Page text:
The Boy Next Door by Katie Van Ark. | My copy: ARC, 347 pages, Swoon Reads (Feiwel and Friends), releases February 3rd, 2015. | Source: Macmillan via Shelf Awareness. | View on Goodreads here.
I don’t usually read contemporary romances, but I was excited to read The Boy Next Door when it appeared in my mail one day. I need to reach out of my comfort zone of fantasy, sci-fi, and dystopia, and this book looked cute–plus I love how it revolves around figure skating. It started out promising but became an uneven ride, although I did like it for the most part.
The book is told in alternating chapters from Maddy and Gabe’s perspectives; the two are figure skating partners now entering their senior year of high school. Maddy’s been in love with Gabe for a long time, but Gabe is reluctant to let his true feelings for Maddy reach the surface. When their coach, Igor, gives them a new routine to the music from Romeo and Juliet, the two of them struggle on and off the ice with their feelings for each other.
I liked Maddy more than Gabe. Maddy wanted him and she wasn’t afraid to make some moves. She didn’t like how Gabe wanted to keep their tentative romantic relationship a secret from everybody–and neither did I. Gabe was a bit bland in the beginning, though a very nice guy and obviously someone who cared a lot about Maddy. However, he was definitely scared to make their relationship a real, public thing, and I got so fed up with how hesitant he was and how he handled their relationship. He disappointed Maddy a lot for reasons she and I didn’t find very plausible. But the two had great chemistry. They were best friends who developed romantic feelings but who still had playful banter and felt comfortable and safe with each other.
The plot needed some work, though. There was a big part in the middle of the book where I felt like things could have been cut or severely shortened. I understand that this is a romance so Maddy and Gabe’s emotions needed to be thoroughly explored and explained, but there were some major ups and major downs in terms of pacing and interesting events. I didn’t much care for Chris and Kate’s exhausting relationship, nor did I ever really warm up to Igor, and I felt like Maddy and Gabe’s parents weren’t very fleshed-out. I also wish that the huge “thing” regarding Maddy’s dad hadn’t been hidden from her in the first place, and that it had been introduced much earlier in the story because then there could have been a very strong sub-plot revolving around a father-daughter relationship.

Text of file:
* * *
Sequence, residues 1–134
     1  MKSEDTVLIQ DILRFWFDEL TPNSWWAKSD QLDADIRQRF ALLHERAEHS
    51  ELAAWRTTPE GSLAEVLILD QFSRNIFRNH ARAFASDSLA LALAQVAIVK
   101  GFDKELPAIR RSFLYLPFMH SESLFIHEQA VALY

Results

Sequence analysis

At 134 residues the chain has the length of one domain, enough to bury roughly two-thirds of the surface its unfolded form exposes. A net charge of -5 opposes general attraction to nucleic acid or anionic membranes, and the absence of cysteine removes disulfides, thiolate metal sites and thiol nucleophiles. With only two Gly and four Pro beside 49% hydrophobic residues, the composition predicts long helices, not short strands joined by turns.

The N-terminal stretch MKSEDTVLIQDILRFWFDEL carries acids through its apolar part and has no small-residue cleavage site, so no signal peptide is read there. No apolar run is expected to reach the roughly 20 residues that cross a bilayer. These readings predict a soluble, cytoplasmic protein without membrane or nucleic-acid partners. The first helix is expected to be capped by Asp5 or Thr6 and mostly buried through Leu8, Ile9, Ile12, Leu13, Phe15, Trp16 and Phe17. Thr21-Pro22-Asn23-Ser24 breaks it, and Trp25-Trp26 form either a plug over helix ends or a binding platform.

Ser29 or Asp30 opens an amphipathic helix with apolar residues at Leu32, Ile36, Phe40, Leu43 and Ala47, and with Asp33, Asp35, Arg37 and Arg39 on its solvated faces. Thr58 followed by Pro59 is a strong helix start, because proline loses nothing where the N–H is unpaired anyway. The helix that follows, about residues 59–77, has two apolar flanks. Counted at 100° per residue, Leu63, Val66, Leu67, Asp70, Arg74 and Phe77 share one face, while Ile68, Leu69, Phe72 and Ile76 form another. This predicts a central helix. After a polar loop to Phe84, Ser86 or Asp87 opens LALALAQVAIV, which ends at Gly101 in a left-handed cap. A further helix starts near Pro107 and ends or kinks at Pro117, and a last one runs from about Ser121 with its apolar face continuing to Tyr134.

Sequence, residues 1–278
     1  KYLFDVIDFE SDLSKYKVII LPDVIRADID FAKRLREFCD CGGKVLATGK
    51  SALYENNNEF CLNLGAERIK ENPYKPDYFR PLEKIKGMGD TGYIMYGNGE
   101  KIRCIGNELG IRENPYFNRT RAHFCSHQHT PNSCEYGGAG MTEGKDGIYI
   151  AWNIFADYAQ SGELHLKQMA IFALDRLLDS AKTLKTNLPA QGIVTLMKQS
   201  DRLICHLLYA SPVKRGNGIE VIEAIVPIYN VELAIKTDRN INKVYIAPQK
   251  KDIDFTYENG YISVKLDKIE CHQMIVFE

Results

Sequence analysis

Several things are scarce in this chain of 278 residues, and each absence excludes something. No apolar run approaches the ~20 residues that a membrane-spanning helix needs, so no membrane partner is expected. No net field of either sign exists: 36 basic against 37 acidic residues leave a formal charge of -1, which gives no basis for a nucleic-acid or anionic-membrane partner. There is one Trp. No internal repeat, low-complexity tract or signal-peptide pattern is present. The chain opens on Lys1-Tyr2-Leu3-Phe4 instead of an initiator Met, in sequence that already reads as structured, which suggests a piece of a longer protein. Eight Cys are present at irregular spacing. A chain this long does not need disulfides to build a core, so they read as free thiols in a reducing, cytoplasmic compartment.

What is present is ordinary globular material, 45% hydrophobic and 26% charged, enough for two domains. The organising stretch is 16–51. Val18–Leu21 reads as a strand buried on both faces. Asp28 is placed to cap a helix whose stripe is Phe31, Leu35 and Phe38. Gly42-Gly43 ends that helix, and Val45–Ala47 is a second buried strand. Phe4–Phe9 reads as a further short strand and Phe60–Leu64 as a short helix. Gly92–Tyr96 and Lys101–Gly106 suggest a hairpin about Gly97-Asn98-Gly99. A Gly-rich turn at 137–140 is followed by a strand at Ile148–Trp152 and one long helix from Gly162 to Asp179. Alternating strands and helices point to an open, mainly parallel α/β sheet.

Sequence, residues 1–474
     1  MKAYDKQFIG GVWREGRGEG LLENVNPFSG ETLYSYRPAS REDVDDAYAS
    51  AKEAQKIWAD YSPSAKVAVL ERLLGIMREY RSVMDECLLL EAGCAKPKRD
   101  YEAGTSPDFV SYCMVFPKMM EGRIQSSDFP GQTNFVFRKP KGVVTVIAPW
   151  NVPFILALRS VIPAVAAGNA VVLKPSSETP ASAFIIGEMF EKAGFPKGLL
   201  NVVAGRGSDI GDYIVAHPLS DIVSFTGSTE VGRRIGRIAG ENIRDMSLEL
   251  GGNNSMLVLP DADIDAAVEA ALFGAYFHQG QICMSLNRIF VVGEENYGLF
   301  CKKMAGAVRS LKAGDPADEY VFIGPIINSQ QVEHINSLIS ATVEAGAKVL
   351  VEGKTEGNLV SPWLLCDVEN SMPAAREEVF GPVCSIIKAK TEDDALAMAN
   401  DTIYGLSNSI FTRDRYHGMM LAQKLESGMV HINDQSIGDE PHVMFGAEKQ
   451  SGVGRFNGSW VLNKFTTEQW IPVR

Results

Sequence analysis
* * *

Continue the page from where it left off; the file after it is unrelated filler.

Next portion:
I really like figure skating. It’s one of the few events I actually watch during the Olympics (figure skating, ice dancing, and skiing are about it for me at the Winter Olympics). It’s beautiful and so similar to dance–but I don’t really know much terminology. A lot of the vocabulary in The Boy Next Door didn’t really register for me, but I didn’t mind this at all. It’s obvious Katie Van Ark knows her stuff–she’s a skater herself!
The Boy Next Door was entertaining a lot of the time, but a bit dragged-out at other points. I didn’t particularly love the romance and felt like the plot could have been tightened up some more, but there were enjoyable moments, frustrating moments, and even some sexy times! All in all, I’m glad I got a chance to read this book. It was a nice breather from all the heavy, super-serious books I usually read, and it piqued my interest in figure skating again–I’ve been watching skating routines on YouTube since finishing it. ♦